Jon Ronson became interested in the concept of public shaming after he was impersonated on Twitter by a spambot that tweeted inane, random comments under his name. He approached the creators of the bot and asked them to stop, but they would not – so he asked if he could interview them. He posted the resulting interview on YouTube, and the outcry from viewers convinced the bot-creators to deactivate the fake Jon Ronson account. At first, Ronson was vindicated and even elated that people were on his side, but as the comments grew more vicious in nature, he grew frightened – what had he started?
And so began his quest to understand the nature of public shaming. He explores the stories of several people who have been shamed either online or in the press (or both). He studies the history of public shaming (whippings, being put in the stocks, etc.). He visits a judge from Texas famed for unusual shame-based punishments. Along the way, he gets interested in the difference between people who are destroyed by their shaming, and people who emerge unscathed – what is the secret to shrugging off shame, and can these people teach us how?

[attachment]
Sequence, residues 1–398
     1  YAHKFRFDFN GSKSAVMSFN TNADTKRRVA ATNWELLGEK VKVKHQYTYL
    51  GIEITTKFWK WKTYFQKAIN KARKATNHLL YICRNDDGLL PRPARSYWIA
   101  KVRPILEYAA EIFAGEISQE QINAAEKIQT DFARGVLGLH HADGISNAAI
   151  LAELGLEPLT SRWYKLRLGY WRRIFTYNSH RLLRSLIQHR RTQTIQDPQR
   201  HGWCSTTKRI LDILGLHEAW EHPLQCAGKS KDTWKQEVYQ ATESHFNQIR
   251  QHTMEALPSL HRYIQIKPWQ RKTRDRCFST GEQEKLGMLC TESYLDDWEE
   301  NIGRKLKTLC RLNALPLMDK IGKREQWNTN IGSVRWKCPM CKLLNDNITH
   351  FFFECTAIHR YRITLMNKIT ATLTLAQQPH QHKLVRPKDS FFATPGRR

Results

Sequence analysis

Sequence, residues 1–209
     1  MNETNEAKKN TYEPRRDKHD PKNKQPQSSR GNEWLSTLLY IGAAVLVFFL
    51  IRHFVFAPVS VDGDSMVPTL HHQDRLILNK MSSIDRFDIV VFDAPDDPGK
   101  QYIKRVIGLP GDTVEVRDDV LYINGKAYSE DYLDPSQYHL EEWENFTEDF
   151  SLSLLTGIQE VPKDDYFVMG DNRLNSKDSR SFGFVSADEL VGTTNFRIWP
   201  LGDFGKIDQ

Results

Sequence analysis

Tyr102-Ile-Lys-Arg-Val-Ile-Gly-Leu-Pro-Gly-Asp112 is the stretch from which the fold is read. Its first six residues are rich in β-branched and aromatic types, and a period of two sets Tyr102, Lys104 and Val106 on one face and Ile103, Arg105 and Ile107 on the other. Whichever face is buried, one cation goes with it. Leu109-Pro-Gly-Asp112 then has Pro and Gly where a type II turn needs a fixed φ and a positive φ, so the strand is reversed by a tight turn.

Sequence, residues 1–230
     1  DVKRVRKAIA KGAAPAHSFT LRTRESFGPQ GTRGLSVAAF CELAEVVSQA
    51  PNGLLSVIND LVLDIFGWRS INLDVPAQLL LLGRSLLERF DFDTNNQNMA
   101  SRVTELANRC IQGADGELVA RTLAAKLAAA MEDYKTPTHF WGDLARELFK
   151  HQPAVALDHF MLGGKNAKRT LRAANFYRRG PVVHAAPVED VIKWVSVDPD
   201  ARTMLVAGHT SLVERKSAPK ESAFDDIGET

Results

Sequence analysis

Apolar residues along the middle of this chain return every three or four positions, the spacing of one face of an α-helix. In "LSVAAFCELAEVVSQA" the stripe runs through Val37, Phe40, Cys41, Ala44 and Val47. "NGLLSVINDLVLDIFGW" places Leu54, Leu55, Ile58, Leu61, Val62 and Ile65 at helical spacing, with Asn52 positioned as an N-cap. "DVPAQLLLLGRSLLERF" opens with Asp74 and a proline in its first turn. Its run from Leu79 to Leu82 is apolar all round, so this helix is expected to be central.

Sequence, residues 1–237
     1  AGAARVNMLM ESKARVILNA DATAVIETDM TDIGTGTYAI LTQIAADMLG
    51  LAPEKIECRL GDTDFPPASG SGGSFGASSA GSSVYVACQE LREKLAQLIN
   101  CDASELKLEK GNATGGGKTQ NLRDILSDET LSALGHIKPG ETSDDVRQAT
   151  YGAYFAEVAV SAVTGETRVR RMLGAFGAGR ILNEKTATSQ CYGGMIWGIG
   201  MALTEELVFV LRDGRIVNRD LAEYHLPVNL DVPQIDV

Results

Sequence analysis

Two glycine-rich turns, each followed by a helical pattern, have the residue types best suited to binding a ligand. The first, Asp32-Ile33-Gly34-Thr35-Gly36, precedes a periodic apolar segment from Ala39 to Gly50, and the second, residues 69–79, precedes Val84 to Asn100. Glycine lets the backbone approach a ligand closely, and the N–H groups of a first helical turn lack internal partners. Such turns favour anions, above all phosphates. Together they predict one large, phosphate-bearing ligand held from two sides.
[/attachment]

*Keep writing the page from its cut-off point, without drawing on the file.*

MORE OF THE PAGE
As a recovering Catholic, the concepts of guilt and shame are always intriguing to me, but what made Ronson’s book so compelling was the human element. He presented his shaming victims so sympathetically – and yet he didn’t demonize their shamers, either. His examples show that often the shamers as well as the shamed suffer in these cases, and there is sometimes no clear victim when all is said (or posted) and done.
If you are interested in social media as a cultural phenomenon, this book is worth reading. I’d put Ronson right up there with Mary Roach and Henry Alford for making exhaustive research interesting and entertaining. One lesson you will come away with if you read it: THINK BEFORE YOU POST.